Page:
Again, it’s all about keeping things familiar. Your interview is mostly going to consist of your research questions, but if that’s all it’s about, you won’t be successful. You don’t want to have a robotic conversation — it will turn off your interviewee, and it certainly won’t help you get the information you need.

It’s fine to ask your interviewee questions that aren’t about your research as long as they don’t derail the overall conversation.

Remember your objectives

Think of the interview process as your showtime. This is the information-gathering portion of your user research, and it’s the most active part of the process.

When you choose user interview questions, it’s important to keep your objectives and reasons for conducting the research in mind. Striking a balance between being flexible and including questions you think will accomplish your objectives is the key to a great interview.

For example, if you’re launching a new product, ask users what they liked about previous versions to make sure you include those features in your new design. And if they start talking about what they didn’t like, listen, because this is valuable information too.

As you prepare to collect your information, think about what you’ll do with it. Jotform allows you to record and keep track of this information — who your respondents are, what their background is, what their responses are — and access all of it in one place. What’s more, you can customize your form to meet your exact needs and make sure everyone on your team understands your approach.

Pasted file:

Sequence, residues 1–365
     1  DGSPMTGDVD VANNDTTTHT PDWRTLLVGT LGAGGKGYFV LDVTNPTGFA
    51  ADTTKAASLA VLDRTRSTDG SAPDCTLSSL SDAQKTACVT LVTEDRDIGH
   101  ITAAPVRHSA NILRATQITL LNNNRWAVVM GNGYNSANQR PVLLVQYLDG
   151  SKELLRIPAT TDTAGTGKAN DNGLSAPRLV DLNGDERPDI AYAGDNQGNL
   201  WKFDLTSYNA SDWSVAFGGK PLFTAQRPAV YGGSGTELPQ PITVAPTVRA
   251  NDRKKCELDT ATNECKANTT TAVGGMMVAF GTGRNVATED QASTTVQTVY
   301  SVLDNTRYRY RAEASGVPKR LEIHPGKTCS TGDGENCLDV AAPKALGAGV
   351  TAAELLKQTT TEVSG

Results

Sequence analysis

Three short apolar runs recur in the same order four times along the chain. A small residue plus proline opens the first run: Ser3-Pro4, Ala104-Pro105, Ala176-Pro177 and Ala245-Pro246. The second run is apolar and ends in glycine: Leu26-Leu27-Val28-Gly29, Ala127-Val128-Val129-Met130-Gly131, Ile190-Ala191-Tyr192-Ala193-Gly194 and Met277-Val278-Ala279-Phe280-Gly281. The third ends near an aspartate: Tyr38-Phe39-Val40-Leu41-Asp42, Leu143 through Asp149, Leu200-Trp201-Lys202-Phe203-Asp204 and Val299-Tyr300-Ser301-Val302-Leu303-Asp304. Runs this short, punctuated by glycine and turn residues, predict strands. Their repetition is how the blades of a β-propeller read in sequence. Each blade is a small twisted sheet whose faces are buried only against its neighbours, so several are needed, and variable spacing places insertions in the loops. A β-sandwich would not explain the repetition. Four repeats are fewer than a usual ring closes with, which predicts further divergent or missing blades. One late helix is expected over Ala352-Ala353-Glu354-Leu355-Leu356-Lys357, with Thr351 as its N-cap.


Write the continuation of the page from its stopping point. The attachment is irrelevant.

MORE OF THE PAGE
If you conduct your research correctly, you’ll have a trove of feedback to draw from. And because you’ll be compiling a lot of different responses, you’ll want to make sure they’re organized and within easy reach. If they aren’t, you won’t be able to perform an effective analysis.

Foster a back-and-forth conversation

There’s a reason conducting interviews is such a popular user research method. Going directly to your users and getting their unfiltered opinions about your business and what it offers can give you invaluable information. You probably already have an idea of what your business does well, but if you don’t ask other people, you’re unlikely to think or do anything different.

Interviewing people — and making sure that you carry out the process professionally — can give you insight into how others perceive your business and, most important, how you and your business can improve in the future.